You'll never guess if you don't already know! Never! Go on, give it a try.

My assumption, on walking to the store, was that it was probably Old Norse: the hard consonantal sound of it suggested as much. Beyond that, I was stuck. Lucky for me, Old Norse it turned out to be.

It started out nice, and then took a turn for the awful before nicing up again. It originated as ON "batha", "to bathe"; the reflexive form of the verb--"to bathe oneself"--is "bathask". After a few modifications, it ended up in Middle English as "basken", which meant "to wallow, as in blood", which is rather horrible. It eventually lost that Germanic verb ending and became "bask", and the sense of bathing in sunshine or some other sort of warming glow seems to come from Shakespeare's "As You Like It", Act 2, Scene 7:

As I do live by food, I met a fool
Who laid him down and bask'd him in the sun,
And rail'd on Lady Fortune in good terms,
In good set terms and yet a motley fool.

Sunday, June 22, 2008

Spare Change

I promised you something for Saturday on Friday and now it's Sunday and something else has come up, so you can wait, right?

A few weeks ago, I decided I wanted to make something called limoncello. I'm not much of a drinker, but it sounded nice and summery; soak lemon peels in 160-proof alcohol for a few weeks until it's extracted all the colour and flavour, then dilute it with sugar-and-water syrup into something drinkable and serve it straight from the freezer.

Trouble is, you can't get 160-proof alcohol in Canada, at least not this part of Canada. You can't get anything stronger than 98 proof, which is to say 49 per cent alcohol; anything stronger than that is, according to the government, for medicinal purposes only. (This was all told to me by an acquaintance who's the manager of a liquor store, so I believe him.)

The same day, Jim, bless him, went hunting for the stuff and discovered that, while you can't get it, you can buy limoncello already made, so he bought me a bottle. The brand name is L'Alambicco, and here are my thoughts on seeing the word, in rapid succession:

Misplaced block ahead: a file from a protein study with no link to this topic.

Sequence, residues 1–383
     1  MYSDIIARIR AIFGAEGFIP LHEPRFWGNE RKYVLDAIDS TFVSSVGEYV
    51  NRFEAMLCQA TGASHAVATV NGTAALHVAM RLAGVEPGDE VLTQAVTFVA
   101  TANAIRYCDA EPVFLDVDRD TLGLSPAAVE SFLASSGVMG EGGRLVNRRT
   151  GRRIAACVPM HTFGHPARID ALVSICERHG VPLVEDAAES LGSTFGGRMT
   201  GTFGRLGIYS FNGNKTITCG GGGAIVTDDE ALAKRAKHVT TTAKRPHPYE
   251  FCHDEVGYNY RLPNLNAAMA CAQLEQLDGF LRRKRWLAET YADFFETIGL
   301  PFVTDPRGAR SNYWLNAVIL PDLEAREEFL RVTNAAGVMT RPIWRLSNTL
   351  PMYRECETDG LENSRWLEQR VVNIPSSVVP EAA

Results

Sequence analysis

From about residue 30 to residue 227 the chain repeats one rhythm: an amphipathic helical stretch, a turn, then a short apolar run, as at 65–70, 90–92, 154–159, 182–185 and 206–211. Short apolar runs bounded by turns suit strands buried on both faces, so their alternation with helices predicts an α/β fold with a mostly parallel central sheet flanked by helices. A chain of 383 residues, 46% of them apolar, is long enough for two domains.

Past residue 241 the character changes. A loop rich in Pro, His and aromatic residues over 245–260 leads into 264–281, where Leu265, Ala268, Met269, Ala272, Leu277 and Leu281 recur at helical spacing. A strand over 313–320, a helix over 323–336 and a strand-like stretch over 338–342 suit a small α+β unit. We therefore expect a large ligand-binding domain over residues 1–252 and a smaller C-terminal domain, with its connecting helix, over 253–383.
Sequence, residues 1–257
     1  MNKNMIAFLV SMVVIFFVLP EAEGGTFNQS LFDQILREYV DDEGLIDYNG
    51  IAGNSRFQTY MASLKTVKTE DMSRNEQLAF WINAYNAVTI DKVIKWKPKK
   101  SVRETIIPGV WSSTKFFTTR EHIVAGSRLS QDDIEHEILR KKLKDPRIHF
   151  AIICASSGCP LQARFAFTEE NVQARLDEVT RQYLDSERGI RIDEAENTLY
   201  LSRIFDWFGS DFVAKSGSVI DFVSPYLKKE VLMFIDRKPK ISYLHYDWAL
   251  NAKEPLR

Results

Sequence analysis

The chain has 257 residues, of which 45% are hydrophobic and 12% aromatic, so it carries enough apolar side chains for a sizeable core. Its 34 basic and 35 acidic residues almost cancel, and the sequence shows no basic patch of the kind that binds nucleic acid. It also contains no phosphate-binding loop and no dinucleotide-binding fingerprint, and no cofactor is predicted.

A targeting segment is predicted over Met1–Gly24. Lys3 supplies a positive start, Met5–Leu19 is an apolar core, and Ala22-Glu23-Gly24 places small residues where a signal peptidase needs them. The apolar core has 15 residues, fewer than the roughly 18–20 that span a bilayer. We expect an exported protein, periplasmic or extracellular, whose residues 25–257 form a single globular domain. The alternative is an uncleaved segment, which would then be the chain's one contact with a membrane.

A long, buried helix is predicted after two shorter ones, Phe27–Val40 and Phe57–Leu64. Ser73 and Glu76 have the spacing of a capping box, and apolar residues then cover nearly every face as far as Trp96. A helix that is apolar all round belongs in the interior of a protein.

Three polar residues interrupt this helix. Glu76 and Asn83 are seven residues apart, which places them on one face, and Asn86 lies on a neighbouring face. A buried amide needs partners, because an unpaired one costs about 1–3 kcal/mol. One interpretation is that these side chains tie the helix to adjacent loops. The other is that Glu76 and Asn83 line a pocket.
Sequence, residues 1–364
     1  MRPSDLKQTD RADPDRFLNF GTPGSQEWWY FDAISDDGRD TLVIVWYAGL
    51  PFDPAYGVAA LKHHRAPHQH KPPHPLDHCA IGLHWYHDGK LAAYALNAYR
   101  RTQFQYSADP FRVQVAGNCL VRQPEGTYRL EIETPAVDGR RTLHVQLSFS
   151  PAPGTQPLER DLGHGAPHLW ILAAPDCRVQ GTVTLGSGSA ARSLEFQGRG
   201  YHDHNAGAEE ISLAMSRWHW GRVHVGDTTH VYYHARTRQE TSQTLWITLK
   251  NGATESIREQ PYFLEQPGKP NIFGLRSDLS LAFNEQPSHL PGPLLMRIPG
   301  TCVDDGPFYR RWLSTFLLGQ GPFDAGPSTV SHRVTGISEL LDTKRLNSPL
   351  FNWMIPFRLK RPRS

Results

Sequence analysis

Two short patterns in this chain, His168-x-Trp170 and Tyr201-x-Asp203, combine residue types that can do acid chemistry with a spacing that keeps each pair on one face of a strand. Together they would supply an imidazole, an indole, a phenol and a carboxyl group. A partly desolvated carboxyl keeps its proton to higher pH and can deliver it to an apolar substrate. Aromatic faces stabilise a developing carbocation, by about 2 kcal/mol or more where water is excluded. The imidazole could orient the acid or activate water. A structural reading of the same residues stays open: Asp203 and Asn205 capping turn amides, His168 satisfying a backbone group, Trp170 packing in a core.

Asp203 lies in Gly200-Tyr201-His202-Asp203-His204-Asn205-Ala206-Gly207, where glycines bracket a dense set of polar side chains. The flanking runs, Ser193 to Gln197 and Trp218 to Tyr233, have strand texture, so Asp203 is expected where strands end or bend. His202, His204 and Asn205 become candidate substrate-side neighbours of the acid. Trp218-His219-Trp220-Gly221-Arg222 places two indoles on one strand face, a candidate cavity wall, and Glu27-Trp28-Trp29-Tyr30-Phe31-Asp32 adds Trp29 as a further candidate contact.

1) "Alambicco." That's a strange word.
2) Wait a minute. That's "alembic"!
3) Only they spelled it wrong.
4) Wait a minute. It must be Arabic, so
we spelled it wrong!

It clearly must be Arabic, from something like "al ambic". I don't know much about Arabic and would hesitate to say that "al embic" is impossible, but the former seemed a lot likelier than the latter.

And I managed to get it more or less right, as it turns out. "Al" is the Arabic definite article, which shows up in a fair passel of English words, such as "alcohol" and "algebra". The actual Arabic term is "al anbiq", which means "still", and that's just what an alembic is in English; a vessel used to purify or concentrate a liquid.

"Anbiq" comes from Greek "ambix", which means "cup", and does not, to the best of my knowledge, have any other relatives in English.

While I'm on the subject of Arabic articles, it's worth noting that the alembic was a piece of equipment used in alchemy, the precursor to chemistry concerned with the transmutation of materials, particularly base metals into gold, and "alchemy" is another of those Arabic borrowings using the definite article "al"; in this case, it's from "al kimiya", "the transformation, the transmutation".

Friday, June 20, 2008


On Wednesday, we had to tear apart the frame shop and rebuild it from the ground up, so there were a whole bunch of us in the shop, all the framers (five of us) and our boss and his boss, and of course if I'm in the room there will be some sort of contention about something sooner or later, and so we had an argument about when summer started this year.